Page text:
This pop-up parklet sprang to life in the community of Marda Loop as a result of the work done by the local BIA.
LIVEWIRE CALGARY FILE PHOTO
They used to be called Business Revitalization Zones (BRZ) in Calgary.
Today they’re called Business Improvement Areas (BIA). Whatever you want to call them, they’ve been a huge Calgary success story.
The BIA’s are like Community Associations in they try to engage everyone in the community to work together to make their neighbourhoods a better place to work, live and play.
It’s not an easy task. I would know; I was the Executive Director of the Calgary Downtown Association for 10 years.
BIAs energizing Calgary neighbourhoods
The Calgary Downtown Association was directly responsible for the revitalization of Stephen Avenue in the 1990s.
They’re currently championing 21st Century plans for the renovation and revitalization of Calgary’s historic main street.
This year, they produced the hugely successful Glow Festival on Stephen Avenue.
Creating annual events attracting Calgarians to come see what is new in the ‘hood has been a big part of BIA’s mandate in the past. The biggest is 4th Street BIA’s Lilac Festival, with the most unique being International Avenue’s “Around the World Food Tours” that have been happening in various formats since 1997.
Today, summer festivals and night markets produced by the Inglewood, Bowness and Marda Loop BIAs, and Kensington’s Christmas events, foster community engagement and pride.
In the past, many BIA’s have managed public art programs (murals and sculptures) along 17th Ave, 4th Street and along Barclay Mall in downtown.
Today they’re activating alleys, revitalizing underpasses and commissioning public art.
The BIA’s have been instrumental in the success of main street redevelopment in Marda Loop, Inglewood and Kensington. International Avenue BIA lobbied successfully for their main street improvement to create a multi-modal street for cars, transit, cyclists and pedestrians.
Perhaps the most visible evidence of the BIA’s work are the colourful banners and flowers that you find along Calgary’s various main streets – Stephen Avenue, 1st Street SW, 4th Street SW, 10th Street NW , 17th Avenue SW, 17th SE, Kensington Road and Bowness Road in Montgomery and Bowness.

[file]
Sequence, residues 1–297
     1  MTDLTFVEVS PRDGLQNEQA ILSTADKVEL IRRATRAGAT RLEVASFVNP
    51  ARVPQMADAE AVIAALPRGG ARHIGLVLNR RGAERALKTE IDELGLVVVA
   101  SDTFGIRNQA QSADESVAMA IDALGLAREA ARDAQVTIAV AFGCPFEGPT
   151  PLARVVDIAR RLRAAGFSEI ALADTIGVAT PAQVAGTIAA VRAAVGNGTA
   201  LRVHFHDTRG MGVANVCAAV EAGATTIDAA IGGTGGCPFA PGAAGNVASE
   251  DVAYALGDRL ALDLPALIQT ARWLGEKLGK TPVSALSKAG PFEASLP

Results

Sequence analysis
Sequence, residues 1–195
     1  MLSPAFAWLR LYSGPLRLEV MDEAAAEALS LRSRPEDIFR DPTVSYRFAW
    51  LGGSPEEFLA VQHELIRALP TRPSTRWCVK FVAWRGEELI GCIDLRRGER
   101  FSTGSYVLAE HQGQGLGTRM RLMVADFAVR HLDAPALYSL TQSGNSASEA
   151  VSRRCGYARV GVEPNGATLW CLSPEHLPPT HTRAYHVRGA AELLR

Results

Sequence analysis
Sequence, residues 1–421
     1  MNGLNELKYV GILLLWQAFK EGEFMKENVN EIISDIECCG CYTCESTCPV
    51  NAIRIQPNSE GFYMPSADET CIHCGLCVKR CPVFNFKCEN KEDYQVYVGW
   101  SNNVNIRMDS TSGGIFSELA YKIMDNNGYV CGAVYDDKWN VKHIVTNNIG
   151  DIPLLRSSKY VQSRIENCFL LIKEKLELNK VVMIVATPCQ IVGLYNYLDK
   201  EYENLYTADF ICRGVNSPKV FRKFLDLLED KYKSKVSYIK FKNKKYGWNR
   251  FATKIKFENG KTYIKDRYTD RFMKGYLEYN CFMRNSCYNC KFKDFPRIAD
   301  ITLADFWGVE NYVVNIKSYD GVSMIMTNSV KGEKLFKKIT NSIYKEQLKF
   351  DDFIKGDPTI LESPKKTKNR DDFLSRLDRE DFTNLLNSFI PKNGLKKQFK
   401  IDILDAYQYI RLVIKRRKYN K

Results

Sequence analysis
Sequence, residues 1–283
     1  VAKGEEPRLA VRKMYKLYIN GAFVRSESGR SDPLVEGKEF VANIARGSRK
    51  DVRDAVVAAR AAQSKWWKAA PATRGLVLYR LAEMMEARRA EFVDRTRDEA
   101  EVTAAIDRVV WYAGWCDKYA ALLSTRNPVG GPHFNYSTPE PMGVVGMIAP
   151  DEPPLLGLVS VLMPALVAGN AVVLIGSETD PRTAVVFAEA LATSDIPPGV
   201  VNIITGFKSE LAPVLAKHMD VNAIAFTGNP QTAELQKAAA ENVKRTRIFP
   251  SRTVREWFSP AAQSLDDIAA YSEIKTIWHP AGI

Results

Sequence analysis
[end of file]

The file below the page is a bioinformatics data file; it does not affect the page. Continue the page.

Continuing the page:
The operation of BIAs in Calgary
The BIA’s work with the businesses within their boundaries to develop marketing and branding campaigns. They improve the streetscape and pubic areas and lobby for accessibility improvements (parking, cycling and pedestrians). A BIA works with the City for improvements to services on behalf of the businesses.
They work very closely with police, social services, parks, roads and bylaw to ensure their areas are clean, safe and attractive for people who are working, visiting and living in the area.
The work of the BIA’s is funded by a special tax levy based on the property assessment of each of the area businesses.
Each BIA has an elected volunteer Board of Directors who establish an annual budget submitted to the City for approval. The City then determines the tax rate for each BIA based on their budget request and total assessment base of their businesses.
Most BIAs have at least a paid Executive Director who works with the Board to develop and execute the initiatives based on the approved budget.
Collectively Calgary’s BIA’s represent 6,000+ business along 220+ blocks across the city. They represent about 20 per cent of all Calgary businesses. They account for $670 million in assessed property and business value.
The City of Calgary has 15 BIAs. Most Calgarians will be familiar with the older ones:
- Calgary Downtown Association
- 4th Street
- Mainstreet Bowness
- Marda Loop
- International Avenue (17th Ave SE)
- Victoria Park
- 17th Ave Retail & Entertainment District
However in recent year several new ones have been established. It will be interesting to see how the new BIAs enhance the communities around them.
- Greenview Industrial
- Crescent Heights Village
The Last Word
In 2014, the Canadian Institute of Planners chose Inglewood as Canada’s greatest neighbourhood and Kensington was a runner-up.
Today both communities are even more attractive places to live, work and play than they were then.
The success of a BIA isn’t just measured by the health of businesses. It’s also by the new residential development they attract.
The plethora of new condos and infill housing being built in the communities of East Village, Hillhurst/Sunnyside, Inglewood, Marda Loop, Mission and Beltline over the past 25+ years is due to the success of their respective BIAs.